There is much less enthusiasm about formal logic among ordinary educated people today than there was a few short centuries ago, in the period roughly from Peter Abelard to Leibniz, when logic seemed as if it might be developed into a machine for producing unlimited numbers of true and valuable propositions. But the less glorious role to which Bertrand Russell consigned it — helping us avoid false inferences — is still a useful one. By stripping away the particulars from an argument, particulars which may have such emotional force as to blind us to otherwise evident fallacies, the reduction of an argument to its purely logical form can act as a form of error-checking.

Take, for example, my blog-buddy Jo, the Democratic Veteran. Asked if

>Some X does not have quality Y.

>Therefore, no X has quality Y.

represented a valid inference, Jo would presumably say, “Heck, no! Perhaps some, but not all, X has quality Y.”

But commenting on my tentative support for the RAVE Act (as expressed here, Jo writes as follows:

Mark argues that the law might have a chance of measurably reducing Ecstasy/MDMA use, but I disagree. If just passing a law worked, we would be a nation of tea-totalers, the death rows in this country would be empty and no one would ever drink and drive. Neither would I ever have had to stand with any of my troops who had flunked a urinalysis for some drug or another at Captains Mast.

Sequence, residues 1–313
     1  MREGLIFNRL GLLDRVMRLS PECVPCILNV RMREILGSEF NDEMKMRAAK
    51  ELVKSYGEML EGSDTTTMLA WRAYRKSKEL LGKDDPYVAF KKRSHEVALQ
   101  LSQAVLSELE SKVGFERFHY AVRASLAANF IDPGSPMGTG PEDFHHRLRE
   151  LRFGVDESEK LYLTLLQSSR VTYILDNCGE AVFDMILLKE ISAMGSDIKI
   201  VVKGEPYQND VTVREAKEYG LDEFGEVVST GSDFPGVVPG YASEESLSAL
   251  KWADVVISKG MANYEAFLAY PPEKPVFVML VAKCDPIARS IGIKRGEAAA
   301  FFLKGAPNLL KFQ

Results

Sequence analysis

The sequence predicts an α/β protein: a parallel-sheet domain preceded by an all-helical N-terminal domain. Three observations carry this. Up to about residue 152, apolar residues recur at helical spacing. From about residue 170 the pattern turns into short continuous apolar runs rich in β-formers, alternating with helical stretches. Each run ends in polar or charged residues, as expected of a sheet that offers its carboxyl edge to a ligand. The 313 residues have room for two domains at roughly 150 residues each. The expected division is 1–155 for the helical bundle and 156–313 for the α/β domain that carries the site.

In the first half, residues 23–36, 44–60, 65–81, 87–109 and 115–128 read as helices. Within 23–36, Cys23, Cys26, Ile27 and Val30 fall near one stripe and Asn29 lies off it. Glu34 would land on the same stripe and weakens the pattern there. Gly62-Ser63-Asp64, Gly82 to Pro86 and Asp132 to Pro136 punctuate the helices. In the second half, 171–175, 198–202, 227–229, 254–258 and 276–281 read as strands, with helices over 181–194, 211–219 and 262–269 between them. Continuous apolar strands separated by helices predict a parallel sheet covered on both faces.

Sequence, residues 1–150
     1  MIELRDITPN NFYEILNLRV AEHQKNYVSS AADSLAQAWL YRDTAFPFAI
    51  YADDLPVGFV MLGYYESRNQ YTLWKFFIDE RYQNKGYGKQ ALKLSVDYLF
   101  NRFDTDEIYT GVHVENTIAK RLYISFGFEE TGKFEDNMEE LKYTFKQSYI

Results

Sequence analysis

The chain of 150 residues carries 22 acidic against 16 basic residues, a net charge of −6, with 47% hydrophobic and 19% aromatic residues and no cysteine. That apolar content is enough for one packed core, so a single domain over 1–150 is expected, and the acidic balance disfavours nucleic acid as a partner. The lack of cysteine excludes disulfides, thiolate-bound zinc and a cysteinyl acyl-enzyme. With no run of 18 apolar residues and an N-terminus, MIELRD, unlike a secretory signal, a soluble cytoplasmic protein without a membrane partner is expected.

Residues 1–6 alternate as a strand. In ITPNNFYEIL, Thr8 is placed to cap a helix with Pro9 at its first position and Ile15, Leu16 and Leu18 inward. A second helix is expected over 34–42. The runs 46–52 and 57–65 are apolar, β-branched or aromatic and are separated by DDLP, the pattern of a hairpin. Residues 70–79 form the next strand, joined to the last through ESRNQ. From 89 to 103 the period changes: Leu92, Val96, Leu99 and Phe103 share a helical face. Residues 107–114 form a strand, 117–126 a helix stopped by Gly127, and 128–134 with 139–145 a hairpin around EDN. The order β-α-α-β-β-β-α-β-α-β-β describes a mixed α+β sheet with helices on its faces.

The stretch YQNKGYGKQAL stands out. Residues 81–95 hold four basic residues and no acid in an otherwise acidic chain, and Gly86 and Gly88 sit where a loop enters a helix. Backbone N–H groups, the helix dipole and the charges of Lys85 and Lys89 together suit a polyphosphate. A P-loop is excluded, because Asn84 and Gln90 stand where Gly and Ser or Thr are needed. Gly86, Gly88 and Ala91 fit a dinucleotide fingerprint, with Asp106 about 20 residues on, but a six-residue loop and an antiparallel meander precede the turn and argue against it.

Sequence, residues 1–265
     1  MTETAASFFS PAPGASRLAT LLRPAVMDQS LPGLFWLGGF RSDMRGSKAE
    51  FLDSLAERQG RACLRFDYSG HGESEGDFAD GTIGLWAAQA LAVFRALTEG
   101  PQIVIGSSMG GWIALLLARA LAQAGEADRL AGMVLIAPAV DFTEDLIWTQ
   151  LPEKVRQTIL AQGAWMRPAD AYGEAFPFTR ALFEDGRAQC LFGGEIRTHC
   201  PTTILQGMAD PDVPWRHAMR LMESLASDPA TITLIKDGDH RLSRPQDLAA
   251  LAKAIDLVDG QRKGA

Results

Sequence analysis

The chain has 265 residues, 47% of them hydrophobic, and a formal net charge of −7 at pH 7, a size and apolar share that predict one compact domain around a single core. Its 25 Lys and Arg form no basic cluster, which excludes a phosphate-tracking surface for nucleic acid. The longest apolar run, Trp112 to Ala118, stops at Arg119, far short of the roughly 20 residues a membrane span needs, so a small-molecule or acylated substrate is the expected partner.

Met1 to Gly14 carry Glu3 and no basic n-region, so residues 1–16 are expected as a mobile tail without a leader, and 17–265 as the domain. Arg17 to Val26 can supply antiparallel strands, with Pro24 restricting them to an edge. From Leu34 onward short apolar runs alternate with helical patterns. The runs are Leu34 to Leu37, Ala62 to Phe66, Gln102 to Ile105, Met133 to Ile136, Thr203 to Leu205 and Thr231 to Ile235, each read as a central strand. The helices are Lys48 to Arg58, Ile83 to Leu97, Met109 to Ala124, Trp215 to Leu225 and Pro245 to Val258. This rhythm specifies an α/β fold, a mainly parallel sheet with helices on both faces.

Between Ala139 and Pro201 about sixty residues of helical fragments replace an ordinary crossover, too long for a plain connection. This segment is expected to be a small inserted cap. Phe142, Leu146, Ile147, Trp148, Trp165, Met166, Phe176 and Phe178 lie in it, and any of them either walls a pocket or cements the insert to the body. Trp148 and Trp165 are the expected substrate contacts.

which, if I read it correctly, makes the argument that since some people aren’t deterred, no one is deterred.

I doubt that Aristotle or William of Ockham would have approved of the logical structure of that argument. What either of them would have thought of the RAVE Act is a different matter, as is the question, which I regard as still open, whether the RAVE Act is on balance good legislation.

Author: Mark Kleiman

Professor of Public Policy at the NYU Marron Institute for Urban Management and editor of the Journal of Drug Policy Analysis. Teaches about the methods of policy analysis about drug abuse control and crime control policy, working out the implications of two principles: that swift and certain sanctions don't have to be severe to be effective, and that well-designed threats usually don't have to be carried out. Books: Drugs and Drug Policy: What Everyone Needs to Know (with Jonathan Caulkins and Angela Hawken) When Brute Force Fails: How to Have Less Crime and Less Punishment (Princeton, 2009; named one of the "books of the year" by The Economist Against Excess: Drug Policy for Results (Basic, 1993) Marijuana: Costs of Abuse, Costs of Control (Greenwood, 1989) UCLA Homepage Curriculum Vitae Contact: